It’s not Colin’s fault that in the last couple of years American police forces have garnered a reputation for gunning down people of color at the slightest excuse. When he wrote this book, it was still possible (at least for white people) to believe that the police were basically good guys.

Then there’s the social angle. The book is set in 2050. Bisexuality and polygamy are the norm, especially amongst the younger generation. Multi-person families are often the only way people in New York can afford the rents. While Shah is resolutely heterosexual, many of his work colleagues are not, and chide him for his old-fashioned prejudices.

Which brings me, of course, to Aurora.

The love interest in the book is intersex. Colin uses the term “intersexual”, which he appears to have got from Anne Fauso-Sterling. It never got to be widely used, and seems bizarre to us now, but I wanted to keep the book as Colin wrote it so I have left the term unaltered.

Colin certainly did his research. Levi Suydam, whom Aurora mentions at one point, was a real person from 19th Century Connecticut. I was very impressed at how Colin has Shah’s Imam tell him off for being prejudiced and quote the Qur’an to show how intersex people were known to, and accepted by, The Prophet. Colin’s understanding of hijra culture isn’t quite as good, but he does pretty well.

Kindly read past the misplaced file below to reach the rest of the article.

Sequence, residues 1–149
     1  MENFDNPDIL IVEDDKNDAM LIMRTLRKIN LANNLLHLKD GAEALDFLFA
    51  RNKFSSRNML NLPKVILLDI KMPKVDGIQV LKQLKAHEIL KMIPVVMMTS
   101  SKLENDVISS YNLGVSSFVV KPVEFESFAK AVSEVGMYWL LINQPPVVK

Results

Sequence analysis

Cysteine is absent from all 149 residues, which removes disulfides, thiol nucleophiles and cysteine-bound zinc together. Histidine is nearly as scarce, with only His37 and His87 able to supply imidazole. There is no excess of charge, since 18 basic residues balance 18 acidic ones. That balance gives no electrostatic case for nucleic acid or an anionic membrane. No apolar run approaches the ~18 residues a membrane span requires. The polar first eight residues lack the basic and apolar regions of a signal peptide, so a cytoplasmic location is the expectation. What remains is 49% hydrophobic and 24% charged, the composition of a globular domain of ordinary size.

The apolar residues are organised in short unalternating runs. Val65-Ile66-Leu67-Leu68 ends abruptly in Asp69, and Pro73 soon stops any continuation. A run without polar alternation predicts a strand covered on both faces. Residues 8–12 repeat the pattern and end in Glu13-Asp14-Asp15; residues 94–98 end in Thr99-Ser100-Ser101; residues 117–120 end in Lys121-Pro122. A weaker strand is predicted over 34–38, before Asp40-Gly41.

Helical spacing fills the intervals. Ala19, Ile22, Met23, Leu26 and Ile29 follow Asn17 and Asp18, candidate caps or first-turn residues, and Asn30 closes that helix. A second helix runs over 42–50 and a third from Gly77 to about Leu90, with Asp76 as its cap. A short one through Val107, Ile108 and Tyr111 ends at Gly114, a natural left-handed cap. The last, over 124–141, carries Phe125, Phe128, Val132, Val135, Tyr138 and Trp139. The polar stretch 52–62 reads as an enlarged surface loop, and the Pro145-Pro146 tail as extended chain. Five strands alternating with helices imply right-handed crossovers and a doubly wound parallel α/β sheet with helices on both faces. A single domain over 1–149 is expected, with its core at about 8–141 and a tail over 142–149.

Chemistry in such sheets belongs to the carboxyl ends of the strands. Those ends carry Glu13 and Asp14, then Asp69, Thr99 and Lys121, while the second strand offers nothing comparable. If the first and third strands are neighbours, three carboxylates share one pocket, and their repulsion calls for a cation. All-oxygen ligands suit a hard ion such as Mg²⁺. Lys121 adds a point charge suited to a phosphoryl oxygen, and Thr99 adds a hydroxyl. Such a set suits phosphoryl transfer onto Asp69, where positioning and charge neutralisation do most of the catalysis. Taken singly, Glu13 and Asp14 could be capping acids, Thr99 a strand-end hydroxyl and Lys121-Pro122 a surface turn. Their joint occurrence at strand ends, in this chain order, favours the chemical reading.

Aurora’s intersex condition is Clitoromegaly; that is she has an enlarged clitoris, which to an untrained eye will look very much like a penis (and is, after all, exactly the same organ). I believe that this is the condition that Lady Gaga is alleged to have. In the past doctors have operated on intersex infants to make them look “normal”, often without even getting the permission of the parents. Colin does a good job of talking about the question of childhood surgeries, intersex people having pride in their bodies, and the issues that they may have as teenagers because they are different. Adult Aurora is proud of who she is, but teen Aurora would have given anything for her parents to have had a bit more shame when she was born.

Colin, like Neil Gaiman in A Game of You, is writing primarily for a cisgender audience, hoping to open their eyes as to how badly non-cis people are treated. As a result, Aurora is treated pretty badly during the book, and is regularly misgendered by both police and gangsters. The book is very uncomfortable reading at times if you are a trans or intersex woman, but Aurora is allowed agency, and doesn’t suffer the usual fate of queer characters in novels.